It turns out that culture is actually a much more important feature of our business than we might have thought—not just a nice-to-have after all, but actually an integral part of our control framework. When the board sets the risk appetite, it is establishing the tone for how business should be done. It must be clear what the objectives are and how you feel about the uncertainties associated with their delivery. By describing the types of risks that are to be actively sought, in return for a reward, those that are to be accepted and those that are to be avoided, the board is providing a set of guiding principles that staff can use when making its daily decisions about which actions to take next. In any situation, someone can ask: “Is this a risk we should be taking, and how much of it can we take?” Testing the likely consequences of the action against the risk appetite provides a way to move forward. The question also requires them to know what is going on more widely. Assuming the company has a finite appetite for risk, the answer to the “how much” part of the question requires you to know how much appetite has already been used elsewhere. This requires a culture that supports and promotes knowledge-sharing across department boundaries.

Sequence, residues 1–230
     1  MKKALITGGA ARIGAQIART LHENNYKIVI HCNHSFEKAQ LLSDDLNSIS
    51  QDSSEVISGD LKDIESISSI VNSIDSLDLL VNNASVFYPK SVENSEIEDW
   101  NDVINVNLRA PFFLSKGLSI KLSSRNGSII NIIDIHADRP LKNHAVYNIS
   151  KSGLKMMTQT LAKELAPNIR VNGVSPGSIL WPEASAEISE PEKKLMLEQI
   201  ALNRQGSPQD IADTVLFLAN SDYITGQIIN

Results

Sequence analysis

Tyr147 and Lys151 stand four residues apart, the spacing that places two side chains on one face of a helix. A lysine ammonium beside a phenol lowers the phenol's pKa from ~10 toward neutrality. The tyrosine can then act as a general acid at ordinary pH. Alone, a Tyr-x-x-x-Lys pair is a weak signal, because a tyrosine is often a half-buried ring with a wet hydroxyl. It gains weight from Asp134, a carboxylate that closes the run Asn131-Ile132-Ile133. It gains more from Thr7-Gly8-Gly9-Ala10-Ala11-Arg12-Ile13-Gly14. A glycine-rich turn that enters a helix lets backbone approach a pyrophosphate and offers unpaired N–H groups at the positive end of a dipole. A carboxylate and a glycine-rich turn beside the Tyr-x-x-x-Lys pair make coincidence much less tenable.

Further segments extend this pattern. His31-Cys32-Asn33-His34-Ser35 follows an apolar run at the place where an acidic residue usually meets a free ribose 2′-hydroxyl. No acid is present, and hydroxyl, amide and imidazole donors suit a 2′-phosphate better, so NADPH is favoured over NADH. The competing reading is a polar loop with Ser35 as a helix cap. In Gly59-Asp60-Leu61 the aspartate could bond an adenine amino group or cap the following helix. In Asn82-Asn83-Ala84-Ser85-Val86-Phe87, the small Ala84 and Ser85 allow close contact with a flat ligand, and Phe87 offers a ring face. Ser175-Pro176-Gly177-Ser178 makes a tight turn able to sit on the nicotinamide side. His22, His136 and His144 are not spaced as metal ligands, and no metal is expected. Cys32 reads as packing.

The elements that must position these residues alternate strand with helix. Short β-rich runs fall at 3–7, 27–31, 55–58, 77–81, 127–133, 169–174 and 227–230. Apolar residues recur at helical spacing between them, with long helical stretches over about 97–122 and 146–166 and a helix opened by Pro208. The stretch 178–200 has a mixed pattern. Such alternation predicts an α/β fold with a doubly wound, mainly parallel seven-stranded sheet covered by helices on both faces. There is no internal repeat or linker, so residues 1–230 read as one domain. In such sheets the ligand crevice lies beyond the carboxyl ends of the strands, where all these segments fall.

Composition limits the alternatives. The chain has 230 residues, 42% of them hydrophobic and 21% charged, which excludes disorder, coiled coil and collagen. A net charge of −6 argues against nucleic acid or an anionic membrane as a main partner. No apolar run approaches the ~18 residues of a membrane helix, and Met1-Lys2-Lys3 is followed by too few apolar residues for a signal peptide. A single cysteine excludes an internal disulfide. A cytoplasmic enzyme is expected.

Milliman coauthored paper wins ERM Research Excellence Award

The Actuarial Foundation recently presented its ERM Research Excellence Award in Memory of Hubert Mueller to Milliman’s Neil Cantle and Systemic Consult’s Neil Allen and Christos Ellinas. The award recognizes their significant contributions to the growing body of enterprise risk management (ERM) knowledge and research. The award is given annually to the author(s) of the best overall paper at the ERM Symposium. The recipients received the award for their paper entitled “How Resilient is Your Organisation? From Local Failures to Systemic Risk.”

If the World Cup is disrupted, insurers may be the big losers